Federal Order Targets New Virus on Tomato

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A new viral disease on tomato has been intercepted in a few spots in the U.S. Tomato brown rugose fruit virus (ToBRFV) was first identified in a southern California greenhouse in September 2018 in grafted tomato plants and has also been found in specific production facilities in Mexico, and in Ontario, Canada. In October 2019, ToBRFV-infected tomato fruit was found in Naples and Gainesville, FL. Eradication efforts are underway in all these instances. The U.S., Mexico, and Canada are working together to minimize spread.

On Friday, November 15, USDA’s Animal & Plant Health Inspection Service issued a new federal order requiring that all tomato and pepper seeds and transplants imported from countries known where the virus exists to be officially tested and certified disease-free. Several countries were singled out. For example, tomato fruit imported from Canada, Israel, Mexico, and the Netherlands must be inspected at the point of origin to ensure it is disease-free. Additionally, inspections of tomato and pepper fruit originating from Canada, Israel, Mexico, and the Netherlands will increase at U.S. ports of entry.

ToBRFV renders tomato fruit unsalable but is not considered to be a food safety issue. Symptoms stunted growth, yellow spots, and wrinkled patches. Tomato fruit develop lesions within 12-18 days of infection and are often deformed and mature irregularly. Tomato and pepper are the two primary hosts; other Solanaceous crops are potential hosts as well.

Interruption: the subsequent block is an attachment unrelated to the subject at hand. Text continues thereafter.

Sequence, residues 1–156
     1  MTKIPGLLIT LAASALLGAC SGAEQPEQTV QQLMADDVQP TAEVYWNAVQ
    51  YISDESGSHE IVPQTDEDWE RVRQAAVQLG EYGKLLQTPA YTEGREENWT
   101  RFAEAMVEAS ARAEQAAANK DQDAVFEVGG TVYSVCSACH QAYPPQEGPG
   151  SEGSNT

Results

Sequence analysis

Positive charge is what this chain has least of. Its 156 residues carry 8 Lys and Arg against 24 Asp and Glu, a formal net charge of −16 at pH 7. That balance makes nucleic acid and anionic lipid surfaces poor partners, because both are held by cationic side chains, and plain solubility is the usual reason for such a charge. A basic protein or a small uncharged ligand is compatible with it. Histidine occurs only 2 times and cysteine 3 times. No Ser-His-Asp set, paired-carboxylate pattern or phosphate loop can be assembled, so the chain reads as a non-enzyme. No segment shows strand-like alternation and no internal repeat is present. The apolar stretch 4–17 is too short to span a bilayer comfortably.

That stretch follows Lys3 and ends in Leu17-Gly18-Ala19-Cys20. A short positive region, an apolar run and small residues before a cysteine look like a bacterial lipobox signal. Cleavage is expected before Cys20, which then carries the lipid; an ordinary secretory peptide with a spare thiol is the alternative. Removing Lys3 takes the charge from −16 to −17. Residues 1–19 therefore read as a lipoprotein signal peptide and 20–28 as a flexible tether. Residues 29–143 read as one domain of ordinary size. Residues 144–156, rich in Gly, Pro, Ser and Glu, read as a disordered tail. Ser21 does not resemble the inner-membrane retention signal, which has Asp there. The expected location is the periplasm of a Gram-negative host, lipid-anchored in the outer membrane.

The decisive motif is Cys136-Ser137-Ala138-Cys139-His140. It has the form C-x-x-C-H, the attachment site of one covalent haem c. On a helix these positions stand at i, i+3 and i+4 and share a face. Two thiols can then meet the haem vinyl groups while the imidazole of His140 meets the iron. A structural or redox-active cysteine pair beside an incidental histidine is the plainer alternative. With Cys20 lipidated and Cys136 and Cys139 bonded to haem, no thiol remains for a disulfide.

The virus is spread by physical contact, such as by workers, tools, and propagation. Seed transmission may be possible, and one study has implicated bumblebees as a vector during pollination. Spread of ToBRFV from infected, imported tomato fruit (such as in a grocery store) is highly unlikely to contribute to spread in a production field, which makes management a bit easier. The causal agent of ToBRFV is stable outside of plant tissue and can survive for months to years on crop soil, debris, tools, and even seed trays. Sanitation is key for control of this disease, especially in production.

The U.S. is ranked second worldwide in tomato production, according to USDA, with over $2 billion dollars annually at farm gate. Researchers from Israel first described ToBRFV in 2014. Since then it has been identified in Turkey, the EU, China, Jordan, and now North America. Mexico has installed a regulatory seed testing program for tomato and pepper seeds imported into the country. USDA-APHIS is evaluating the potential impact of ToBRFV and proposed the above regulations to ensure the safety of U.S. tomato production.

Florida claims the spot as the leading U.S. producer of tomatoes, with an industry valued at around $262 million annually. The Florida Department of Agriculture and Consumer Services requested APHIS to conduct a traceback on the recent ToBRFV interception in the state, to help identify the source.

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